Your Taxes: Relatives’ trusts and their limits

money (photo credit: REUTERS)
(photo credit: REUTERS)
Legend has it that the first trusts were administered by priests 1,000 years ago for English and French nobles who took part in the crusades in these parts.
A trust is basically an arrangement in which a settlor (or grantor) transfers assets to a trustee to administer, often for many years, for the benefit of other people – the beneficiaries.
In 2006, Israel introduced a new tax regime for trusts. Most trusts settled by Israeli residents became taxable on their worldwide income, while most trusts settled by a foreign resident were exempt from Israeli tax on foreign income.
This left a big loophole that attracted widespread publicity in one particular case. An Israeli resident allegedly handed his fortune to the unrelated officers of an offshore trust company to contribute to a foundation for the benefit of the Israeli resident and his family. The foundation was established in a country (not the US) that makes it taxable like a trust according to Israeli tax law.

Trusts and foundations with foreign settlor 2014 onward
: To plug the loophole, the Knesset passed a law, commencing January 1, 2014, which introduced the Foreign Residents’ Trust (FRT) for trusts with a foreign resident settlor.
However, if there was ever an Israeli resident beneficiary, the trust will not be an FRT. Instead, a trust with even one Israeli resident beneficiary will be deemed to an Israeli Resident Beneficiary Trust.
This subdivides into either: (1) A taxable Relatives’ Trust if the settlor or the settlor’s spouse are still alive and related to the beneficiary; tax rates of 25 percent to 30% are specified (see below); or (2) A fully taxable Israeli Residents’ Trust (IRT) if the settlor and the settlor’s spouse are deceased and/or are unrelated to the beneficiary; tax rates typically range from 25%-50%.

Who is a relative?
In a Relatives Trust, the settlor(s) or their spouse are alive and are related to all the Israeli resident beneficiaries in one of the following ways: • First-degree relatives: parent, grandparent, spouse, child or grandchild; OR • Second-degree relative of beneficiary (sibling, spouse’s children, spouse of each of the aforementioned, child of sibling, parent’s sibling); AND the assessing officer is satisfied that the formation of the trust and contributions to it were in good faith; AND the beneficiary did not give consideration for his or her “right” to trust assets.

Relatives’ trust taxation:
In general, a Relatives’ Trust must be notified by the trustee to the Israel Tax Authority within 60 days after it was formed or became such a trust on Tax Forms 147 and 154. A pre-2014 Relatives’ Trust should have been notified to the ITA by December 31, 2015.
The taxpayer is the trustee, regardless of foreign law, unless the settlor or beneficiaries agree to report instead to the ITA. Beneficiaries must still report distributions received from a trust since August 1, 2013.
Form 154 requires an irrevocable choice to be made between: (1) The distributions track: Israeli tax of 30% on foreign- source income and gains only if it is distributed; or (2) The allocated income track: Israeli tax of 25% on income derived abroad and attributed to Israeli resident beneficiary in the year the trust first derives the income.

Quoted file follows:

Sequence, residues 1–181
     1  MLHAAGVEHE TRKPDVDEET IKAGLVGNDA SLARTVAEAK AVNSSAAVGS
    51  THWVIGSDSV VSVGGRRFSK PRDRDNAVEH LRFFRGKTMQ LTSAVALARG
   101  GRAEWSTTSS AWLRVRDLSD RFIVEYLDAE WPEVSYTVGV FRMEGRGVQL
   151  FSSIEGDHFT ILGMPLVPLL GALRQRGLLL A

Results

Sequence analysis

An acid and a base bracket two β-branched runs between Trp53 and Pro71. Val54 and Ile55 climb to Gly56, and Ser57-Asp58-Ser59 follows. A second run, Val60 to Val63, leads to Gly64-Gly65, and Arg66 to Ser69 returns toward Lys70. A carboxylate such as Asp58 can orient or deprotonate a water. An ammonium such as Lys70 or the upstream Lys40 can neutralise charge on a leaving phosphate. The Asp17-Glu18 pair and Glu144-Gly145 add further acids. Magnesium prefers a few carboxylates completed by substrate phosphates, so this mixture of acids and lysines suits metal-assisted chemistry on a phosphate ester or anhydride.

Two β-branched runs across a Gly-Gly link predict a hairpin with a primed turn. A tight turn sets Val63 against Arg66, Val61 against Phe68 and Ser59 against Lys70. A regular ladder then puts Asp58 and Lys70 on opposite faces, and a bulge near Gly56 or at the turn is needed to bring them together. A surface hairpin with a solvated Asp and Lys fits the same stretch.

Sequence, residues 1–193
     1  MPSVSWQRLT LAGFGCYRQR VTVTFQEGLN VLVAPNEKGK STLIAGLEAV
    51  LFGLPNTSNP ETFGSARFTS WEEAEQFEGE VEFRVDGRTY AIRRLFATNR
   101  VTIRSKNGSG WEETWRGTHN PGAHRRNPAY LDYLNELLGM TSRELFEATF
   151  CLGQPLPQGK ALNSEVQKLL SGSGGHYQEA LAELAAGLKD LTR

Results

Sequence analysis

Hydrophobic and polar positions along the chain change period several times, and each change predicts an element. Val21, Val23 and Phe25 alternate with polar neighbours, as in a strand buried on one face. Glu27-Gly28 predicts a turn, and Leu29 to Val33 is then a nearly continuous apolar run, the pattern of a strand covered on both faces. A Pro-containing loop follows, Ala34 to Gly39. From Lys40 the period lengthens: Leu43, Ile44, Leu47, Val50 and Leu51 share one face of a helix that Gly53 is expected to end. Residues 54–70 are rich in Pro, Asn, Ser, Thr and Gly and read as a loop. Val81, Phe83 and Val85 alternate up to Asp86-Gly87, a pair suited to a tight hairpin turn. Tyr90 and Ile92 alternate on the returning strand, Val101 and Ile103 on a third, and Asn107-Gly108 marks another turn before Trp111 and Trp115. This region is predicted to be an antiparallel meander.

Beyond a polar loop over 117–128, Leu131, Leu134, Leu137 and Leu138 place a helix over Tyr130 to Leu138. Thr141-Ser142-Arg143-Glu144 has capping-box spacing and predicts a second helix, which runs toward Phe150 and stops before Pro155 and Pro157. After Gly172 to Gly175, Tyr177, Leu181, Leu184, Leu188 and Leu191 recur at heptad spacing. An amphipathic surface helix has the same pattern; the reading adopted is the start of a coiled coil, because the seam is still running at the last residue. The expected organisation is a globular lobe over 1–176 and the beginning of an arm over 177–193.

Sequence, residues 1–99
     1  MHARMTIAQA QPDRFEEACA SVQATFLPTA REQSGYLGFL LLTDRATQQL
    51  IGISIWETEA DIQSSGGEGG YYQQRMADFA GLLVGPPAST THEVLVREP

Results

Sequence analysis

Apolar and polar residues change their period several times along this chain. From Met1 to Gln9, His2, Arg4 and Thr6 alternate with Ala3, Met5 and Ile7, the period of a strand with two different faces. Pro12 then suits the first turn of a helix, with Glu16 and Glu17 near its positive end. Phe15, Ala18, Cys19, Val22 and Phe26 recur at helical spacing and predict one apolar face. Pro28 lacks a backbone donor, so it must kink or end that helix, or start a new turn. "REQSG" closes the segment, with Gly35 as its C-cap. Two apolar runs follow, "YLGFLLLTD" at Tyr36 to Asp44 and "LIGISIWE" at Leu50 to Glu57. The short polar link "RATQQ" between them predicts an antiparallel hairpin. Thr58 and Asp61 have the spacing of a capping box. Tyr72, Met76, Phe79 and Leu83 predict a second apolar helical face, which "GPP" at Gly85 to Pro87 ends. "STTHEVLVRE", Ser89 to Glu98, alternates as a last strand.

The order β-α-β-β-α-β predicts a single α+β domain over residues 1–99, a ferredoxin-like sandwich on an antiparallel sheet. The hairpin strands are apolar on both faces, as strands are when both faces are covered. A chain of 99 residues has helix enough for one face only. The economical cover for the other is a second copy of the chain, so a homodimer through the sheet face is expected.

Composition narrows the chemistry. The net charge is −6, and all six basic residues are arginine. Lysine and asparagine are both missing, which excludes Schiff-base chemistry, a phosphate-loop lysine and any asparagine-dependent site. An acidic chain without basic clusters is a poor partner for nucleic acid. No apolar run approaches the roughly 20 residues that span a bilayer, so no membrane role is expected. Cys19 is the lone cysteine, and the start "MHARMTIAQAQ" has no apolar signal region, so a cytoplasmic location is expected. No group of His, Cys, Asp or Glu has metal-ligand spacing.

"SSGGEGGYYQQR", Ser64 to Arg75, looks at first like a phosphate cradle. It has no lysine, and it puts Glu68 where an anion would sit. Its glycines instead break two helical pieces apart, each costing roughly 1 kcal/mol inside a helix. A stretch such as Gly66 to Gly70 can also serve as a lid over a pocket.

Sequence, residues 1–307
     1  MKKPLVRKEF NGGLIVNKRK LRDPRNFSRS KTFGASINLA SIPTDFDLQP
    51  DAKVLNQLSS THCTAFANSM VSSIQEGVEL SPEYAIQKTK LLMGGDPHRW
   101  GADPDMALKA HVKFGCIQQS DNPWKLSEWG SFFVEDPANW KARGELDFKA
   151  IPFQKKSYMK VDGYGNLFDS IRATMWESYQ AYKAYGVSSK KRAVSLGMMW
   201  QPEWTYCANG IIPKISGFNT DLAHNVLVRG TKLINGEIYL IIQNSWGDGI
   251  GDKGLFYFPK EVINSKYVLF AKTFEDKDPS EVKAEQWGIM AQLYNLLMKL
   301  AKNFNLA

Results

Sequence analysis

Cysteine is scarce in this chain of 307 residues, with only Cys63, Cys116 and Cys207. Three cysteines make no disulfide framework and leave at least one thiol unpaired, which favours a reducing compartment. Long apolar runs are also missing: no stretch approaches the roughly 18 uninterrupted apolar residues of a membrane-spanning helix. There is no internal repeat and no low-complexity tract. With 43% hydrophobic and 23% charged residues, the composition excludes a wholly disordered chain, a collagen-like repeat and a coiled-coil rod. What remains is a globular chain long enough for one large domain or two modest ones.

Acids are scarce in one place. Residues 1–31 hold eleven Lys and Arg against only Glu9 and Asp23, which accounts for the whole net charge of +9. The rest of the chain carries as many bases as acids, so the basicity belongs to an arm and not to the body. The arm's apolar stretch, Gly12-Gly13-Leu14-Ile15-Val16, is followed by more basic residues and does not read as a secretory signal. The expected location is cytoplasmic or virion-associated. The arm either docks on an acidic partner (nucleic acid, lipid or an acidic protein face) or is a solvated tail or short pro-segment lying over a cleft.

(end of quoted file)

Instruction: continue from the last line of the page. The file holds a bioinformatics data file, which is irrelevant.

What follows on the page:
If no choice is made, the distributions track will apply.
Israeli source income, if any, is taxed at regular Israeli rates.
What is not a Relatives’ Trust? The ITA has published two rulings in anonymous redacted form, dated November 26, 2014. In the first ruling, the settlor was a foreign resident and the brother of a second wife of an Israeli resident.
Children of the first wife were among the beneficiaries. The ruling stated the trust was not a Relatives’ Trust because the beneficiaries (children of the first wife) were unrelated to the settlor (their “step-uncle”).
In the second ruling, the settlor was a foreign resident and the brother-in-law of the settlor. Again this meant the beneficiaries were not closely enough related to the settlor, so the trust was not a Relatives’ Trust; it was a fully taxable Israeli Residents’ Trust.

These rulings seem harsh. The ITA accepts these trusts were made in good faith, but nevertheless it applies the strict letter of the law to impose full tax on trusts set up by settlors that are related to the beneficiaries but not closely enough. Is this what the Knesset really intended? Even the crusaders’ trusts would fail the Relatives’ Trust rules.
Note that these rulings relate to the tax law post-2013. In prior years up to and including 2013, no Israeli tax would generally apply to foreign income of such trusts, unless the beneficiaries were able to exercise control or influence over the trust.
What about olim? An ITA circular, dated March 10, 2015, distinguishes between two main situations: First, in the case of an Israeli Residents Trust formed before August 1, 2013, by a nonresident settlor or a settlor in his tax holiday, there is no Israeli tax or tax reporting so long as the settlor is alive and in his tax holiday.
Second, for other Israeli Residents’ Trusts, there is no Israeli tax or tax reporting so long as the settlor and all the beneficiaries are in their tax holiday or are foreign residents.
Beneficiaries of an Israeli Residents’ Trust or a Relatives’ Trust need not report distributions or allocations of overseas income so long as they are in their tax holiday or are foreign residents or Israeli charities.
As always, consult experienced tax advisers in each country at an early stage in specific cases.
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Leon Harris is a certified public accountant and tax specialist at Harris Consulting & Tax Ltd.